David Grosso was elected to the Council of the District of Columbia as an At-Large Councilmember on November 6, 2012 to represent residents in all eight wards. David brings a wealth of experience having worked with Congresswoman Eleanor Holmes Norton and former Councilmember Sharon Ambrose, in addition to his experience in the private sector. As a Councilmember, David is committed to continuing the school reform efforts, improving health outcomes throughout the city, addressing inequities within the criminal justice system, and enhancing job opportunities by supporting a robust successful workforce development and public higher education system. David has also focused on sweeping ethics reform, transparency and open government, and further engaging residents in the political process.
Gary Barker Ph.D, Founder and International Director of Promundo, is a leading voice on engaging men and boys in gender equality and ending violence against women. He is International Director and founder of Promundo, an international NGO with headquarters in Brazil and offices in Rwanda, Burundi, Portugal and the US that works nationally and globally in engaging men and boys for gender equality. He has led research and program development with men and boys in the Balkans, Brazil, South Asia, sub-Saharan Africa, Central America, the Caribbean and the US, including in post-conflict settings. He is co-chair and co-founder of MenEngage, a global alliance of more than 400 NGOs and UN agencies working to engage men and boys in gender equality, and a member of the UN Secretary General’s Men’s Leaders Network to end violence against women. He has been awarded an Ashoka Fellowship and a fellowship from the Open Society Institute for his work, and holds a visiting researcher appointment at the University of Coimbra, Portugal. He is on steering committees or boards of the directors for the Sexual Violence Research Initiative (SVRI), the Center for the Study of Men and Masculinites/SUNY-Stonybrook, the Program for the Advancement of our Common Humanity (PACH/NYU), and the World Bank’s gender branch. Among his publications is the book, Dying to be Men: Youth, Masculinity and Social Exclusion (Routledge, 2005). He is coordinator of the multi-country survey on men, IMAGES (the International Men and Gender Equality Survey), one of the largest ever surveys on men’s attitudes and behaviors related to violence, fatherhood and gender equality. He is co-founder of MenCare, a global campaign, active in more than 25 countries, to promote men’s involvement as equitable, non-violent caregivers. He holds a doctorate in child development from Loyola University (Chicago) and a master’s in public policy from Duke University.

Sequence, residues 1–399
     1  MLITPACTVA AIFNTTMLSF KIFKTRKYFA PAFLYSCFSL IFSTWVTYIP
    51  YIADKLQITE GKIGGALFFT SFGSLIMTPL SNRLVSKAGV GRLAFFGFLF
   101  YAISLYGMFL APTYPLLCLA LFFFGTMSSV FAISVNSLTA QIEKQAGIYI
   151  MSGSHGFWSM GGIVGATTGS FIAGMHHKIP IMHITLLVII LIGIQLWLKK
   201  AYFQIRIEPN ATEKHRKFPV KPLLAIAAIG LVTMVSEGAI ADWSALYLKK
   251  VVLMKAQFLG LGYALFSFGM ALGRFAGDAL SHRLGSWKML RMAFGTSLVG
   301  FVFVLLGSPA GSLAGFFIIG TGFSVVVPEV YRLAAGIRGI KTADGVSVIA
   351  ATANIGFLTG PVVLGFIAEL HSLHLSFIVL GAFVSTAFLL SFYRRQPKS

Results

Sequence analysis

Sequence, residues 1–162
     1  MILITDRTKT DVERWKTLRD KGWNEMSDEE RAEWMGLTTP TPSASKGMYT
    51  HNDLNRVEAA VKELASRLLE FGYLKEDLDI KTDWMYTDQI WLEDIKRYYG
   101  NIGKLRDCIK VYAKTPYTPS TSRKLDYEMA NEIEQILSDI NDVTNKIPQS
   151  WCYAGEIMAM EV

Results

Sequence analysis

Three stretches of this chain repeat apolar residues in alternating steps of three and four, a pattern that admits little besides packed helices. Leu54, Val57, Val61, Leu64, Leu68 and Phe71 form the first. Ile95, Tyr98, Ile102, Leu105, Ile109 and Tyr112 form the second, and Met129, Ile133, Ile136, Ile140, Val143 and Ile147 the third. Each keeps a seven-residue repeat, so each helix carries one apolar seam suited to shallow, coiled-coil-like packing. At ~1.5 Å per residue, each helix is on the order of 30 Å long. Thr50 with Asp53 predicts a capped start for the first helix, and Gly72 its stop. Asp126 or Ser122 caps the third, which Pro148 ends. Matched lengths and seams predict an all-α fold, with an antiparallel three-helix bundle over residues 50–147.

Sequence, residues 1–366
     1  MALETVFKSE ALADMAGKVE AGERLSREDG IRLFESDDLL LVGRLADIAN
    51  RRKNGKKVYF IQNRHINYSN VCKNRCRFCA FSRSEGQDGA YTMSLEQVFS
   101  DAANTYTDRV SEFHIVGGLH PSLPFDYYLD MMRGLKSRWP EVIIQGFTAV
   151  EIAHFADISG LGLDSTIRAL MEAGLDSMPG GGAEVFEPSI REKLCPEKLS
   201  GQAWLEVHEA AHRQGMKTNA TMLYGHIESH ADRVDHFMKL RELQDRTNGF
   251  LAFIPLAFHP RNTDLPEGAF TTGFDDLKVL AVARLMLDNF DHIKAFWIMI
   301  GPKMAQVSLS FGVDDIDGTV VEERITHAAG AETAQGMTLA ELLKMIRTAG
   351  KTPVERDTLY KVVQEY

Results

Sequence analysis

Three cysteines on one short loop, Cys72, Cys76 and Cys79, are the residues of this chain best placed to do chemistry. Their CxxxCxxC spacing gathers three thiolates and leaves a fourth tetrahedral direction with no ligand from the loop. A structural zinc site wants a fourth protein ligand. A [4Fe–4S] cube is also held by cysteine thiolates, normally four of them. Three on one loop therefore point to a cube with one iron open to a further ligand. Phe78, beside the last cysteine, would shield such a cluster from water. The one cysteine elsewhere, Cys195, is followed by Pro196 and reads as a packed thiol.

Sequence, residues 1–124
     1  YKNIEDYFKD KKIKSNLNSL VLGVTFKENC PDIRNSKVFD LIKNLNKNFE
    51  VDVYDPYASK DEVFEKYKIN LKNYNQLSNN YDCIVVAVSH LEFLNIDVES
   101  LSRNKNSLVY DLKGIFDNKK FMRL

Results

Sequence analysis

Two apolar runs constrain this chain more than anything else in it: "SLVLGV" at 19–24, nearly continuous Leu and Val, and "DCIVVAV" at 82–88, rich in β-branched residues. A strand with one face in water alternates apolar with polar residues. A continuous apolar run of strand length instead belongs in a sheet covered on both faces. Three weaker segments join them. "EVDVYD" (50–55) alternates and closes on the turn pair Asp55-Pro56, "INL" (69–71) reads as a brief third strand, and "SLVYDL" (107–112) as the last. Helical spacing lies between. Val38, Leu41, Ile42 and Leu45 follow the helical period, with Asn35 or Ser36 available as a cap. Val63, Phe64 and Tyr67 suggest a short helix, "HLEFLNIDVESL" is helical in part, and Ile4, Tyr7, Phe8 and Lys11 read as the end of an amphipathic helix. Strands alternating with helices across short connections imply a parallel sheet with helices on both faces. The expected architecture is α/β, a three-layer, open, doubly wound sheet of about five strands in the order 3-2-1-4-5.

Niobe Way is Professor of Applied Psychology in the Department of Applied Psychology at New York University. She is also the co-Director of the Center for Research on Culture, Development, and Education at NYU and the past President for the Society for Research on Adolescence. She received her doctorate from Harvard University in Human Development and Psychology and was an NIMH postdoctoral fellow in the psychology department at Yale University. Way's research focuses on the intersections of culture, context, and human development, with a particular focus on the social and emotional development of adolescents. She is interested in how schools, families, and peers as well as larger political and economic contexts influence developmental trajectories. Her work also focuses on social identities, including gender and racial/ethnic identities, and the effects of gender and racial/ethnic stereotypes on adjustment and on friendships. Way is a nationally recognized leader in the field of adolescent development and in the use of mixed methods; she has been studying the social and emotional development of girls and boys for over two decades.
Patrick J. Egan specializes in public opinion, political institutions and their relationship in American politics. He is author of Partisan Priorities: How Issue Ownership Drives and Distorts American Politics (Cambridge, 2013) and co-editor of Public Opinion and Constitutional Controversy (Oxford, 2008). In 2012, he received the NYU Golden Dozen Award in recognition for his outstanding contribution to learning in the classroom. Before entering academia, he served as an Assistant Deputy Mayor of Policy and Planning in the office of Philadelphia Mayor Edward Rendell. He holds a Ph.D. in political science from UC Berkeley and a master’s degree in public affairs from Princeton’s Woodrow Wilson School.